The Poem

(Critical Guide to Poetry for Students)

“Before I Knocked” is a monologue consisting of seven six-line stanzas and a concluding stanza of four lines. The speaker throughout is Christ, who describes his consciousness of his own existence, and the conditions under which that consciousness functions, from the prenatal state to his incarnation in human form.

In the first stanza the speaker describes his essence, before he became a fertilized egg in the womb, as liquid, shapeless as water. This essence might also be understood as the seminal fluid. Christ already possesses, before his growth in the womb, a relationship to the world: He was a brother to “Mnetha’s daughter” and sister to the “fathering worm.” Mnetha is a character in “Tiriel,” a poem by William Blake, whose daughter’s brother is named Har. Har is usually seen by commentators as old and senile, which links the unborn Christ in the poem to the tragic world of human process, an interpretation that is supported by the image of the worm, a symbol of death.

Stanza 2 reveals that the unformed, unborn Christ was unaware of the passages of the seasons and had no knowledge, at least by name, of sun and moon. Yet even when the “flesh’s armour,” his human body, was still in “molten form,” he could feel, and he had an awareness of the sexual act that created him in time.

The speaker’s relationship to the physical world is the subject of stanza 3. He knew winter, with its hail, snow, and wind,...

(The entire section is 557 words.)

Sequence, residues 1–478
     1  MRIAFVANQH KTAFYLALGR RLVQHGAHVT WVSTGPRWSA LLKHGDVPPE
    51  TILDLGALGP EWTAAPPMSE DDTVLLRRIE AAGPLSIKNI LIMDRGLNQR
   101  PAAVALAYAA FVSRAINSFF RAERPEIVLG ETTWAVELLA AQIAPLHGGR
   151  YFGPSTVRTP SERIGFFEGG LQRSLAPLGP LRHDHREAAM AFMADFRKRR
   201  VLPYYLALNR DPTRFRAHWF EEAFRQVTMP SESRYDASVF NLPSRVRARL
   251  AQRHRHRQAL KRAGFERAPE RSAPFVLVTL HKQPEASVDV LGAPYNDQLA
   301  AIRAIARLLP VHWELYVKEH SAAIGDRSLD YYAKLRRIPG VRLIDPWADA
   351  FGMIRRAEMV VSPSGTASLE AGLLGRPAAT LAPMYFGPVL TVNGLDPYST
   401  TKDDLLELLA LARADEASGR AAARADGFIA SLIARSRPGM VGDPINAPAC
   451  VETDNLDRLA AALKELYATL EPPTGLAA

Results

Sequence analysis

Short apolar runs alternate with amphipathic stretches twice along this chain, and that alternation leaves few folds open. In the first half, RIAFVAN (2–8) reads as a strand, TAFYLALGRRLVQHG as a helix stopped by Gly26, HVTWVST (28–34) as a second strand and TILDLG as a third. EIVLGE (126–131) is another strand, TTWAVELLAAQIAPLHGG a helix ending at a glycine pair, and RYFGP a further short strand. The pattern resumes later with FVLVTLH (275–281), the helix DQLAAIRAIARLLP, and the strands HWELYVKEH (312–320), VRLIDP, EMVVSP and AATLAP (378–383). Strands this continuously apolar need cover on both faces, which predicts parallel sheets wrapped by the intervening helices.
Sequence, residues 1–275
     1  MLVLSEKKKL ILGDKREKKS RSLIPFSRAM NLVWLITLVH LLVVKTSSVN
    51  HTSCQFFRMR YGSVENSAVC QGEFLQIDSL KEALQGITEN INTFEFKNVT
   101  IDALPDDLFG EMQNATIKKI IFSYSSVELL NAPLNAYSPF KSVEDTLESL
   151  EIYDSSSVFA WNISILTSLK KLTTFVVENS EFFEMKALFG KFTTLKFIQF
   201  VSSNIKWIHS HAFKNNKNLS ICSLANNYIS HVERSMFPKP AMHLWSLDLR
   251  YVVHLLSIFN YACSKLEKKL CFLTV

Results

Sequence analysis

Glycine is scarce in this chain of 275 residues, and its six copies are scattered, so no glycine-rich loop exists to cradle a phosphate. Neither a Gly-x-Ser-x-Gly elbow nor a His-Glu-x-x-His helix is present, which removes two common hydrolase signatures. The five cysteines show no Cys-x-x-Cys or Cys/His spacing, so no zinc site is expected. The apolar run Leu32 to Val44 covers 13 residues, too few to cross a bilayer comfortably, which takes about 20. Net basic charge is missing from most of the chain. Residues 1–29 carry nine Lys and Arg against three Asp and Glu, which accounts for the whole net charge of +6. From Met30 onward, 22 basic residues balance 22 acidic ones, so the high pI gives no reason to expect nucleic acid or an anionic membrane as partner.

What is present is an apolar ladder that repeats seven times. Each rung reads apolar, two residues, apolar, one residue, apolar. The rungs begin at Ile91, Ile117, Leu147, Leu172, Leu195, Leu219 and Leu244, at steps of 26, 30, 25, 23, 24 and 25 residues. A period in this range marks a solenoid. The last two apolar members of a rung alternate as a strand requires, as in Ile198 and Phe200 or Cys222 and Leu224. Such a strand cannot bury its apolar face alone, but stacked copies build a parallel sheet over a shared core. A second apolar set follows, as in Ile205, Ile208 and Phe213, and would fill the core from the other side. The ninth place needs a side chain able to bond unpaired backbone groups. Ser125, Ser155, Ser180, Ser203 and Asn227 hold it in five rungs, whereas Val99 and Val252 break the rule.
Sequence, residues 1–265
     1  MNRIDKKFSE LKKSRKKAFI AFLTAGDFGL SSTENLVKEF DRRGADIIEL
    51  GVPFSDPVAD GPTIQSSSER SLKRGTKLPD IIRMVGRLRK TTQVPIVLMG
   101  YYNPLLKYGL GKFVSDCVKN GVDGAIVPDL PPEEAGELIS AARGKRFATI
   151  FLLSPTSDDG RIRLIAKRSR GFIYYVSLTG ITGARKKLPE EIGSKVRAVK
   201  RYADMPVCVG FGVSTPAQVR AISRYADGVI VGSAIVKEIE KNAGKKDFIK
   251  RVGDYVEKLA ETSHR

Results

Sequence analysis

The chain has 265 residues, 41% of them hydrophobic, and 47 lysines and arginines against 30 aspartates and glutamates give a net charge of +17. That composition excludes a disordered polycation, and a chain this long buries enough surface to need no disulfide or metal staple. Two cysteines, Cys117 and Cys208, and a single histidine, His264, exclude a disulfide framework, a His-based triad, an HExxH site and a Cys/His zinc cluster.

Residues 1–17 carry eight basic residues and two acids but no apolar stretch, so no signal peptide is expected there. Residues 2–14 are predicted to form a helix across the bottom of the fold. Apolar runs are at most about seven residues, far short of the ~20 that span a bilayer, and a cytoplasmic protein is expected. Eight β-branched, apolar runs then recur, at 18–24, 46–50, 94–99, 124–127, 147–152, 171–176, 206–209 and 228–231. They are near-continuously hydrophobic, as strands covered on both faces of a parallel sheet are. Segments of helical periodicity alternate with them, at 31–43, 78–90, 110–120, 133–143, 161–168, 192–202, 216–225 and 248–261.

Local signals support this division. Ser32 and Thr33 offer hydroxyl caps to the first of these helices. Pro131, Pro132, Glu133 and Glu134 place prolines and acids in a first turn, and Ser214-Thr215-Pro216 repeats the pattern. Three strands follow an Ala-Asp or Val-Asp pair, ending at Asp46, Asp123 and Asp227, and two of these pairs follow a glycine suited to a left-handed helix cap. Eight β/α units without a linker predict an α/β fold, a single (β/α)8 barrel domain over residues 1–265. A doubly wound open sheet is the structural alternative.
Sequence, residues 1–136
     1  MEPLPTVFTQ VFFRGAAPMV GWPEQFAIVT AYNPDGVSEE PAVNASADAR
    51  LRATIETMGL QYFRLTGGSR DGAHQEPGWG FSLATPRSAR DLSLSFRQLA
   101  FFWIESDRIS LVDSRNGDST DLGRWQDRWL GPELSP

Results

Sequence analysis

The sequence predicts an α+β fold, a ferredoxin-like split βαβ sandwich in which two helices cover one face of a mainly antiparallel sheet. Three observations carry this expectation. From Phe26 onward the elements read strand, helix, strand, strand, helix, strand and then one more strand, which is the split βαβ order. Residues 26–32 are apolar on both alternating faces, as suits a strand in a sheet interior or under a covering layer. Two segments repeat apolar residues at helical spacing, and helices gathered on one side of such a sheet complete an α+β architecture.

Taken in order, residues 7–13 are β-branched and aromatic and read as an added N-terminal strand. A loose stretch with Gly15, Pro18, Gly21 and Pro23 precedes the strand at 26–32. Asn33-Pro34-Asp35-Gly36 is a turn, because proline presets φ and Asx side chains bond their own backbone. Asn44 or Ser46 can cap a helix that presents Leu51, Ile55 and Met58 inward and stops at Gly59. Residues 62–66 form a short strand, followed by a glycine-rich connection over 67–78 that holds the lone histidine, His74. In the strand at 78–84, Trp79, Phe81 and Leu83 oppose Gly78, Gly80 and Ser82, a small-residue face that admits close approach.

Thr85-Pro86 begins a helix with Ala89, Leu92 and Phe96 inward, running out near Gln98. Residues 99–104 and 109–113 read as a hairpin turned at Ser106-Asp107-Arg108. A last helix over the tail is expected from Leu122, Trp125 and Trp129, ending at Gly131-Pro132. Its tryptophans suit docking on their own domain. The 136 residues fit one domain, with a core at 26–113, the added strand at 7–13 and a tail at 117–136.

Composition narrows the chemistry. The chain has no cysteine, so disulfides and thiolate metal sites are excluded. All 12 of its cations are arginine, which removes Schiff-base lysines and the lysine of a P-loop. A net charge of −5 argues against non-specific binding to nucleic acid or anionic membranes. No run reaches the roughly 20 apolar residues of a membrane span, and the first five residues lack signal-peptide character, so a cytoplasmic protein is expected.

Forms and Devices

(Critical Guide to Poetry for Students)

Each stanza has three feminine (unstressed) endings that all end with the r sound. These occur in lines 1, 3, and 5. In stanza 1, for example, the feminine endings are “enter,” “water,” and “daughter.” In stanza 2 they are “summer,” “armour,” and “hammer,” and so on throughout the poem. Masculine (stressed) endings occur in lines 2, 4, and 6 of each stanza. Stanza 1, for example, produces “womb,” “home,” and “worm.” The masculine endings are always monosyllabic and usually have one consonant in common: m in the first and second stanzas; s in stanzas 4, 6, and 7; l in stanza 5.

One of Thomas’s most frequent poetic devices is partial rhyme. He employs it extensively in one of his most famous poems, “The Force That Through the Green Fuse Drives the Flower,” which was written within a few weeks of “Before I Knocked.” Partial rhyme is a noticeable feature of the latter poem, occurring with both vowels and consonants. Examples include enter-water, womb-home, womb-worm (stanza 1); name-dome, winter-suitor, snow-dew, dew-day (stanza 3); suffer-cipher-liver; bones-lines-brains (stanza 4); structure-mixture (stanza 5); creature-adventure (stanza 6); neither-feather (stanza 7).

The language is less dense and more lucid than is usual in Thomas’s early style, and the predominant imagery establishes an interplay of the cosmic with the individual and the infinite with the...

(The entire section is 424 words.)